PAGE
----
PARIS — From gender-bending skirts and makeup for guys to cone-shaped breasts for Madonna, Jean Paul Gaultier is no stranger to whipping up a scandal. So it was apropos that Scandal would be the name — and overriding theme — of his new women’s fragrance.
“For us, it was very important that this launch embodies all the values and the DNA of Jean Paul Gaultier,” Jose Manuel Albesa, chief brand officer of Puig, owner of the label’s fragrance and fashion, told WWD. “So the starting point was a very deep conversation with Jean Paul about his vision and feeling about femininity.”
For this, the first major fragrance project Puig has created with the designer since integrating his perfume business on Jan. 1, 2016, the focus was on a Parisian woman.
“We wanted to offer a different version from others; we wanted something more spicy, festive, sexy and fun,” said Albesa. “So everything started around that.”
All parts of the fragrance project were meant to be infused with an element of scandal, explained the executive. Take the design of the fragrance bottle, including a cap featuring a pair of flailing legs. Do they belong to a cabaret dancer? A topsy-turvy woman after too much bubbly?
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There’s also a riff on Gaultier’s iconic tin-can packaging for the Classique fragrance and its counterpart for men, Le Male. “We gave it a twist with [pink] velvet,” said Albesa.
For the advertising storyline, scandals stemming from a mix of sex and politics sprang to mind. “We decided to tell the life of ‘Madame La Ministre,’” said Albesa, explaining she’s a government minister who goes partying at night in Paris’ Pigalle neighborhood and makes her way directly into the office for her day job.
The main spot shows the protagonist, played by model Vanessa Axente, leaving a club in a form-fitting black number. In her waiting car, filled with friends, she’s literally cut out of the outfit as her car speeds through the streets of Paris toward the Élysée Palace, where she steps out elegantly in a tailored outfit to join colleagues.
The ad, created with the Mademoiselle Noi agency, is destined for TV and movie theaters. There will also be a major digital component including lots of storytelling, said Albesa, who explained that, for instance, more about lives of the various characters — from the minister to her chauffeur — are shown in other clips.
“We are working with the characters and also with the legs,” he continued, giving as an example street animations in which they will feature.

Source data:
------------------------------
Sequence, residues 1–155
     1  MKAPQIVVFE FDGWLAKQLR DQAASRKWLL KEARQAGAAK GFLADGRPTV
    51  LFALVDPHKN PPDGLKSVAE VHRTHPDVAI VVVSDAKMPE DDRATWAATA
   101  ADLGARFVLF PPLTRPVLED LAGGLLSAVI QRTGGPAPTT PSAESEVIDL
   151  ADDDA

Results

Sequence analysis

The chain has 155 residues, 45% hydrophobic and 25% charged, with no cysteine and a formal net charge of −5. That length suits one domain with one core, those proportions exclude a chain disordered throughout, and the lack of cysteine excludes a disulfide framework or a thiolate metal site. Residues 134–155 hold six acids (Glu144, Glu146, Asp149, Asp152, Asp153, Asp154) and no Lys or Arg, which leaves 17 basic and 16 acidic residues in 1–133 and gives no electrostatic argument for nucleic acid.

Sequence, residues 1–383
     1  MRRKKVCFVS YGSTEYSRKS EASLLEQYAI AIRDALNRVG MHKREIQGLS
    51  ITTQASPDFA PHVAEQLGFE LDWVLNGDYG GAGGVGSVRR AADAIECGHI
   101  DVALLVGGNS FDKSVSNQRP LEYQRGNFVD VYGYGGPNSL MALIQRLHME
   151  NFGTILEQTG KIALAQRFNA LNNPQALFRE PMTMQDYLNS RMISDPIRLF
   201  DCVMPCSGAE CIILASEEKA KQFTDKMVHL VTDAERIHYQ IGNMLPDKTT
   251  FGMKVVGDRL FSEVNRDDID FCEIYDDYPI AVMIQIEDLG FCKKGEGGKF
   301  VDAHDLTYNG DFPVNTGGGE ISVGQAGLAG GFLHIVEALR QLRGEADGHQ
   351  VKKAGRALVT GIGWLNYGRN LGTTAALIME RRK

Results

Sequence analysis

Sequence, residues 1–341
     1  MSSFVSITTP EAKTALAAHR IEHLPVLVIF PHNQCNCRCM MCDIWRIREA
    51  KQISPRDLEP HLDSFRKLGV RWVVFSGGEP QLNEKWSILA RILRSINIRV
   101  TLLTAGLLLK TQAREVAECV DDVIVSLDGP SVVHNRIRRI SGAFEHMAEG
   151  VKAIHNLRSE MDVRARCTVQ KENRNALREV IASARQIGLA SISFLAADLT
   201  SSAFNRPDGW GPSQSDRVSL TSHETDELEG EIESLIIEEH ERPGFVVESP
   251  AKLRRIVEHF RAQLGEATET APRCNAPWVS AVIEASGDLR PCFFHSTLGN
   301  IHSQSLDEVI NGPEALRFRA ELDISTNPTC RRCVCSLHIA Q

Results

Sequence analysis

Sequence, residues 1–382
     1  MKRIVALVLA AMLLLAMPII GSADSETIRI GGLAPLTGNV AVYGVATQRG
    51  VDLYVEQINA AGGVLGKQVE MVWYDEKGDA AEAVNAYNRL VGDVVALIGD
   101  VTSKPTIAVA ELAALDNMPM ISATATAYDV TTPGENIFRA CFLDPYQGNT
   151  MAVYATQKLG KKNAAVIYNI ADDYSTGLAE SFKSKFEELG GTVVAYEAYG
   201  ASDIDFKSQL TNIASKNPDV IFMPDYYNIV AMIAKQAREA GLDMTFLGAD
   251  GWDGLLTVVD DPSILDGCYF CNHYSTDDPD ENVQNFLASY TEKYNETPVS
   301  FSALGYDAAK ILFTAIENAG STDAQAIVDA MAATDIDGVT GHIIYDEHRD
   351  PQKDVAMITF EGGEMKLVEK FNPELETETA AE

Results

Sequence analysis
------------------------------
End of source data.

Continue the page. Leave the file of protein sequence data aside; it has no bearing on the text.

The print ad for Scandal is supposed to resemble the cover of a newspaper. “So we will link this idea of communication with paperboys in the streets giving free newspapers with the scandal,” said Albesa.
The juice, by Firmenich’s Daphné Bugey, was created to reflect a dichotomy, too. “[It] is very daytime with gardenia and blood orange, and also has a very night side with honey mixed with patchouli,” said Albesa.
He is not concerned that Scandal will cannibalize Classique’s existing consumer base. The new scent, Albesa believes, is for someone “who is bored of the classicism of the fragrance business and looking for something different, for having fun.”
“We wanted to really make this launch not as a family aside Le Male and Classique, but something that is the epicenter of the [Gaultier] brand values today,” said Albesa, pointing to the designer’s humor, enfant terrible persona and ability to take fashion from the street to the catwalk. “It was this idea of putting all the DNA of Jean Paul in every single ingredient of the brand…and capitalizing on the spectacular side [of him].”
Scandal will launch starting in late June in France, before rolling out in July in European travel retail and some countries surrounding France, such as Belgium, Holland, Germany Span and Portugal by September. Then the Middle East and Latin America will get the perfume by October, while the U.S. is slated to start selling Scandal next year.
Puig executives would not discuss projections, but industry sources estimate the fragrance will generate first-year retail sales of 100 million euros, or $112.2 million at current exchange.
In France, the 30-ml. eau de parfum spray is to sell for 56.10 euros, or $62.95; the 50-ml. version for 80.40 euros, or $90.20, and the 80-ml. iteration for 102 euros, or $114.50.
Albesa said the Gaultier fragrance brand’s revenues are up 25 percent year-to-date versus the same prior-year period.
“Our challenge was to stop the fever of limited editions,” he said, adding of the two fragrances remaining in the Gaultier portfolio after Puig discontinued the lines: “We wanted really to revendicate the iconic side of Le Male and Classique in a more prestigious way.”
Another challenge was to stop price offers, according to Albesa. “So the whole year has been a kind of trade-up strategy,” including trimming distribution, he said.